We return to our hotel, where dinner is served in the evening.
|Meals included||Breakfast, Dinner|
Day 3 -
After breakfast this morning we travel to Bowness-in-Windermere where there will be some free time browse round the shops or perhaps visit the popular attraction Beatrix Potter World (admission not included).
We continue to Hill Top, the delightful 17th century farmhouse where Beatrix Potter wrote many of her children’s stories. Potter bought Hill Top in 1905 with the royalties from her first few books which had been inspired by her annual holidays in the Lake District. Characters such as Tom Kitten, Samuel Whiskers and Jemima Puddleduck were all born here and the books contain many pictures based on the house and garden. When she died in 1943 she left the house to the National Trust with the proviso that it be kept exactly as she left it, complete with her furniture and china. There is also a lovely cottage garden and shop specialising in Beatrix Potter gifts.
Our theme continues at the Beatrix Potter Gallery, a 17th century solicitor’s office now home to her original watercolours and sketches. This was once the office of the author’s husband, local solicitor William Heelis, and the property has remained largely unaltered since his day. The Gallery also contains a display covering the story of Beatrix’s life through its various stages, offering a unique insight into her life and times.
This afternoon we visit the house & gardens at Brantwood. Home of the late John Ruskin, Brantwood House was largely conceived as a “living laboratory” for social and environmental issues, each incorporating a careful, aesthetic mix of seemingly natural effects embellished by man. The “Hortus Inclusus” – a medieval-style garden, contains an extensive collection of British native herbs. Behind the house over 270 different British hardy ferns thrive beneath the tall oaks of the Linton Fern Garden. Closer to the house is the Professor’s Garden, Ruskin’s cottage garden experiment, which has been restored in the spirit of its creator. A selection of herbs, cottage flowers and 19th century varieties of fruit thrive in this small plot.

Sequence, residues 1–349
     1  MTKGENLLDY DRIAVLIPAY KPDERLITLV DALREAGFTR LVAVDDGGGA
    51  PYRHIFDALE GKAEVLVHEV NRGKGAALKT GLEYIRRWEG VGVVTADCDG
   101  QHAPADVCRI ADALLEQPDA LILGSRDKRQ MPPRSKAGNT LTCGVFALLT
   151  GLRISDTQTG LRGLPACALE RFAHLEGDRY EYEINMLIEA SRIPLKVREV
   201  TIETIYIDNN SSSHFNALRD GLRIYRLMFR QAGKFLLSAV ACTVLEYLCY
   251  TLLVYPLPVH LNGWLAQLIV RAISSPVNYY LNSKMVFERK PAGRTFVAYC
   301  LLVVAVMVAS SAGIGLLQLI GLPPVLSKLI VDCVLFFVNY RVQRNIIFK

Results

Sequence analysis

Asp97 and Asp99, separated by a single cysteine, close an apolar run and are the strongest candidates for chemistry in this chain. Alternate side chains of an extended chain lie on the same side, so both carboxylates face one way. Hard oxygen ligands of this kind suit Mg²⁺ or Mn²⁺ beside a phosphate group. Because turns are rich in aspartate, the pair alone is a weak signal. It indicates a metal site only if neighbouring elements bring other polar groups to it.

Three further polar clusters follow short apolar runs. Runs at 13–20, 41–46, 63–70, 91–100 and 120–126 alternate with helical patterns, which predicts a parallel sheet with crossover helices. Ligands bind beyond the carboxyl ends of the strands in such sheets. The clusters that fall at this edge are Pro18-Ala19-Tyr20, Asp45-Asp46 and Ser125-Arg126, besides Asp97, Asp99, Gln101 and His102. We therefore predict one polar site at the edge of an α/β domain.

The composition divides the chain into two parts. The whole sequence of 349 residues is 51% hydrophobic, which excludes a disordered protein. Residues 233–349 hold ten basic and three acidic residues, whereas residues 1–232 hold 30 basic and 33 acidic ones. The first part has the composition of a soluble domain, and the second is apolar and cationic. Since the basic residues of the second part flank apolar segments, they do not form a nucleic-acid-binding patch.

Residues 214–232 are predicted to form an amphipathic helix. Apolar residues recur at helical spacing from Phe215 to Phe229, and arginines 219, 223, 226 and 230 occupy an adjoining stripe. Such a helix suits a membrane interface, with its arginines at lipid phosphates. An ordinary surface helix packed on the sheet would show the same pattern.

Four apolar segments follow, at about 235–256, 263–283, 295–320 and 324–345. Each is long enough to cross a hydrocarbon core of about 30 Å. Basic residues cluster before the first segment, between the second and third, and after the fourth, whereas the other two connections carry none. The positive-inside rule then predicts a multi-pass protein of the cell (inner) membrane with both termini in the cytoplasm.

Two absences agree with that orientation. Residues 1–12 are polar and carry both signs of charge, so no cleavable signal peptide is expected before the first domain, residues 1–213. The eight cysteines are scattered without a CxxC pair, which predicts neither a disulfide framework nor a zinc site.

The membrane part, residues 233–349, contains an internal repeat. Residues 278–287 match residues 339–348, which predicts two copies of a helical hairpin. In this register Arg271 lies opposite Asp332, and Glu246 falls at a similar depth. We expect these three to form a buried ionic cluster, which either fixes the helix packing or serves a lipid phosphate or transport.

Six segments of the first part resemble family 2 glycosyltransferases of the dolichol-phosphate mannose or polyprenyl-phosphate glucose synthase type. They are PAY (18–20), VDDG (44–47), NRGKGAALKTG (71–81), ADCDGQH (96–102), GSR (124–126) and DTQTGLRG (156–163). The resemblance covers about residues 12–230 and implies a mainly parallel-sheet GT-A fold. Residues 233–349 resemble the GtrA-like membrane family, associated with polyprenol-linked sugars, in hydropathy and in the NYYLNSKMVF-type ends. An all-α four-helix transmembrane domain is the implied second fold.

Dinner is served in the evening back at our hotel.
|Meals included||Breakfast, Dinner|
Day 4 -
Following breakfast we check out of the hotel and begin our homeward journey, with time for one more visit en route. This afternoon we will visit the gardens at Levens Hall. The topiary gardens are world-famous and were created in 1694 by Monsieur Guillaume Beaumont, who had been trained under Le Nôtre at Versailles, and who laid out the gardens at Hampton Court. Under the magnificent topiary sculpted from box and yew there is a spectacular under-planting populated with an ever-changing range of over thirty thousand flowers. Further on, beyond the romantic old orchard and separated by the great beech hedges, lie the magnificent herbaceous borders. These are traditionally double in format and are amongst the finest to be found in England. There is also a rose garden, a nuttery and a fountain garden laid out with pleached limes in 1994 to celebrate 300 years of the gardens at Levens Hall.
We then continue to our original departure points, beginning with Lancaster Railway Station for those with rail connections and arriving back in London in the evening.
Tour dates & prices
Included in your cost:
- Services of a professional tour manager
- Comfortable coach travel throughout
- Meals - as per the itinerary
|Tour Departure||Tour ID||Departure date||Return Date||Guided by||Price||Deposit||Single Supp.||Offer||Availability|
|5 October 2020||BATL201005||5 October 2020 (Monday)||8 October 2020 (Thursday)||£595
|£100||£0||Call for availability|
|31 October 2021||BATL211031||31 October 2021 (Sunday)||3 November 2021 (Wednesday)||£695